By PAUL WALDIE
Saturday, February 10, 2018
He's been vilified as a terrorist, hailed as a peacemaker and long considered one of the defining figures in Northern Ireland's troubled history. And now, after 35 years in the limelight, Gerry Adams is stepping aside and giving up the leadership of the republican movement at a critical juncture.
Mr. Adams, 69, will formally resign as the national leader of Sinn Fein on Saturday, ending a remarkable career that began as a barman serving drinks in a Belfast pub and saw him become one of the best known politicians in Northern Ireland, feted by presidents, prime ministers and royalty. Along the way, he's been shot five times, had his house blown up and built Sinn Fein into a political force encompassing Northern Ireland and Ireland. All while being equally loved and loathed by millions.
His departure marks a radical transition for the party and a huge challenge for new leader Mary Lou McDonald, a long-time deputy leader of Sinn Fein and a member of the Irish parliament, or Dail. And yet, there are many within the party who will quietly celebrate Mr. Adams's resignation, believing he has become too divisive and outdated, and that Sinn Fein needs to move away from its roots in the militant Irish Republican Army to broaden its appeal. The party's popularity has largely stalled and none of the other major parties in Ireland will form a coalition with Sinn Fein because of Mr. Adams's IRA baggage.
Mr. Adams has always denied being a member of the IRA, but under his leadership Sinn Fein has been seen as the IRA's political arm and the party has drawn sharp criticism for being terrorist sympathizers. "I will never disassociate myself from the IRA," he said last year in announcing his retirement. "I've condemned the IRA on many occasions and I particularly regret the fact that ordinary people - citizens, civilians - were killed or injured at the hands of the IRA."
Mr. Adams won accolades for bringing the IRA into talks that led to the 1998 Good Friday Agreement, ending decades of sectarian violence known as the Troubles that killed more than 3,500 people. But in recent years, he has become a symbol of the past and has run into trouble for failing to report allegations of sexual assault by his brother and confronting new questions about his role in the murder of an IRA informant in 1972. Many Sinn Fein insiders see Ms. McDonald, 48, as the face of a new generation that has little interest in the old battles of the Troubles. Unlike Mr.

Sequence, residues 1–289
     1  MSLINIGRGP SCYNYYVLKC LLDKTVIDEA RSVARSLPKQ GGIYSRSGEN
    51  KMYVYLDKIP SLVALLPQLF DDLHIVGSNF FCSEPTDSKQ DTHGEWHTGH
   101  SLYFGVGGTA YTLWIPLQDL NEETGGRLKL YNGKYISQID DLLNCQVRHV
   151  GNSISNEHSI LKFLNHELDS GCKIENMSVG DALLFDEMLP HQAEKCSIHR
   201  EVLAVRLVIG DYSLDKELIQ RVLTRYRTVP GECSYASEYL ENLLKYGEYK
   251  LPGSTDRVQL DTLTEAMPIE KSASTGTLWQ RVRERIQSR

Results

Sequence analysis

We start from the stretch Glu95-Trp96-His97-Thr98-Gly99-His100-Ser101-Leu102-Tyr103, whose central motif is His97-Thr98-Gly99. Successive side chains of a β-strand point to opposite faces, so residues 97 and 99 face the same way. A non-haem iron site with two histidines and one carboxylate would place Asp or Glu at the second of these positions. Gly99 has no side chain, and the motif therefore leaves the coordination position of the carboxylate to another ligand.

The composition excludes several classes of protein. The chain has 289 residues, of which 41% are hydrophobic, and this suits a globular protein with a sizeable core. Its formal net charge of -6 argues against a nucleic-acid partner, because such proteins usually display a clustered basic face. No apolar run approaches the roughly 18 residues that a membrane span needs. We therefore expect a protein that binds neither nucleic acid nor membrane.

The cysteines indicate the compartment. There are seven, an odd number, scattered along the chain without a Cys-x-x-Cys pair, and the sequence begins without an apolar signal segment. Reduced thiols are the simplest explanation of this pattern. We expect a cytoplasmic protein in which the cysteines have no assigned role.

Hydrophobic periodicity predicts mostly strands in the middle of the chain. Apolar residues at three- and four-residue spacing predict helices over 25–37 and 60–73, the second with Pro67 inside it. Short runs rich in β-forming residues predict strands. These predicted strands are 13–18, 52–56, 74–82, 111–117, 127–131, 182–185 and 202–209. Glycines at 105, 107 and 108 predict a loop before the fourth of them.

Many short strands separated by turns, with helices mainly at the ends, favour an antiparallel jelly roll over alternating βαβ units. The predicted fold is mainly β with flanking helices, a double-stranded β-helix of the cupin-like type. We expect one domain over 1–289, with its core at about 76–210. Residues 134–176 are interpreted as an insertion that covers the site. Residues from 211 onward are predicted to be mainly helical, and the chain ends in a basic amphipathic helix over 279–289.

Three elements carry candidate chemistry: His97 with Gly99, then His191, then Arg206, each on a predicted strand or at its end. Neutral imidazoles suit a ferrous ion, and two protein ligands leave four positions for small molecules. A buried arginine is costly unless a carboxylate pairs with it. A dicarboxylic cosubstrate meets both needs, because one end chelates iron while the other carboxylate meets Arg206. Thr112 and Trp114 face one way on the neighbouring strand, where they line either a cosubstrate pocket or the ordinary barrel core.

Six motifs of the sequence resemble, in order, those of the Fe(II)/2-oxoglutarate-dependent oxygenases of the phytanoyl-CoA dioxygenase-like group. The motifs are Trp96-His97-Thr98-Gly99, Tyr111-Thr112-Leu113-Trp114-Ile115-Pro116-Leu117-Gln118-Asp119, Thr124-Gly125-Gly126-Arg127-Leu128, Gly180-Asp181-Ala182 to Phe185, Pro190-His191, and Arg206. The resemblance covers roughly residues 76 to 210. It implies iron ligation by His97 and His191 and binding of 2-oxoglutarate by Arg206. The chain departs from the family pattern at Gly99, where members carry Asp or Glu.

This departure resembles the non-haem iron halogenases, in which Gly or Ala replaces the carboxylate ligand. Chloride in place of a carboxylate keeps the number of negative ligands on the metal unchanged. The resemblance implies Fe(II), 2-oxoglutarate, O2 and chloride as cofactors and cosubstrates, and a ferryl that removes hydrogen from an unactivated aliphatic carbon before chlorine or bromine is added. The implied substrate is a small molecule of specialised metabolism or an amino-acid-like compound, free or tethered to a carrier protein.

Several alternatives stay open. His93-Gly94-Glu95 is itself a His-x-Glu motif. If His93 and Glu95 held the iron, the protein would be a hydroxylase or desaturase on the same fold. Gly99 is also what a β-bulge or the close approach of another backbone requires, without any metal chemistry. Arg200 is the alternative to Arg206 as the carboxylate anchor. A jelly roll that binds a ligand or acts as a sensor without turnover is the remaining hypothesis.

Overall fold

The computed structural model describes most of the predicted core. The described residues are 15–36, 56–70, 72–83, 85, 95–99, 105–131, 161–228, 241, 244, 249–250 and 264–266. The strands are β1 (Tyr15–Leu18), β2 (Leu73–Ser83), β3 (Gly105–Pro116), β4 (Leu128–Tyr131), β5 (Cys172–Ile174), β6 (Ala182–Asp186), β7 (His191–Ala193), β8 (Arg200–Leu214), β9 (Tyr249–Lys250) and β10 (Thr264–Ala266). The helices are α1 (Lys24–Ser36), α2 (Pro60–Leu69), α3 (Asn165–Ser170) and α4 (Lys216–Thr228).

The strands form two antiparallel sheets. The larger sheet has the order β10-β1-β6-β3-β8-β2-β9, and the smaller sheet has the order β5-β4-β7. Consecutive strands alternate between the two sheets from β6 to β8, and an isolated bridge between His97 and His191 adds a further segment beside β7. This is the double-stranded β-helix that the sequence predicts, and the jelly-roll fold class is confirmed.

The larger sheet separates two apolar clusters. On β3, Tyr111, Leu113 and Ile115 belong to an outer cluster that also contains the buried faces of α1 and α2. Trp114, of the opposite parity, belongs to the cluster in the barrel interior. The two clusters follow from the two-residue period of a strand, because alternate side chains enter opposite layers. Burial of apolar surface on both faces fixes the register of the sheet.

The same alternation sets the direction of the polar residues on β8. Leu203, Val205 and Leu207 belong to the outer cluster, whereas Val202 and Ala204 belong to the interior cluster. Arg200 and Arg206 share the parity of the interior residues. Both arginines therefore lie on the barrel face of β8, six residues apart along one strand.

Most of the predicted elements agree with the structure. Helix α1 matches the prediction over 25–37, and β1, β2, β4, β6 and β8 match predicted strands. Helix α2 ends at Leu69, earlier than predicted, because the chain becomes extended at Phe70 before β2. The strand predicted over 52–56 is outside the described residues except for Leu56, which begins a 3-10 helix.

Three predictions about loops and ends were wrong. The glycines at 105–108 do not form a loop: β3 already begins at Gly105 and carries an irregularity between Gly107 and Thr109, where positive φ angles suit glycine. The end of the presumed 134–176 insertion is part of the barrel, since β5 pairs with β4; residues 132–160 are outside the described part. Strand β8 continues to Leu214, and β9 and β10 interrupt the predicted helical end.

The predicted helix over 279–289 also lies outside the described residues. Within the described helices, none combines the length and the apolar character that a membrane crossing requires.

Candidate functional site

Adams, who grew up in a workingclass Belfast family steeped in IRA loyalty, Ms. McDonald hails from a middle-class part of Dublin and has no ties to the IRA.
"His retirement will be a really, really radical change for Sinn Fein because he has been the Leader for over 30 years and he's the one defining celebrity of the party," said Malachi O'Doherty, a Belfast-based journalist who has written a biography of Mr. Adams. "If what we are seeing is the beginning of a progressive evolution away from their militaristic past, that would be quite remarkable."
There's no doubt that Mr. Adams leaves big shoes to fill and that Sinn Fein will be hard pressed to find anyone who can match his charisma and ruthless leadership style.
He was born into the nationalist struggle, learning the ways of armed conflict from his father Gerry, an IRA member who served eight years in prison for taking part in an ambush on a police patrol in Belfast. Home life wasn't easy and Mr. Adams later talked about his father's sexual and physical abuse of family members, saying his dad died "a very lonely man where he should have been surrounded by loving family members." Mr. Adams quit school as a teenager, taking a job at the Duke of York pub in Belfast and lapping up the political conversation and simmering Catholic anger. He soon became a fixture in Catholic civil-rights marches, joining the movement to end discrimination against Catholics by the Protestant majority. His protesting landed him in jail in the early 1970s when he was swept up without charge under special powers the police used to round up suspected IRA members. He was eventually acquitted of being an IRA member but questions have always persisted about his role in the organization.
In the early 1980s he turned his attention to politics, becoming leader of Sinn Fein and winning a seat in the British parliament, although he refused to set foot in Westminster as a protest over Britain's rule in Northern Ireland. He gained national prominence in the 1980s, when then-prime minister Margaret Thatcher banned radio and television channels from broadcasting his voice. Suddenly, Mr. Adams was the undisputed leader of republicanism and one of the country's most recognizable figures. The public attention also made him a target of Protestant paramilitaries who once sprayed his car with bullets hitting his arm, shoulder and neck but failing to kill him.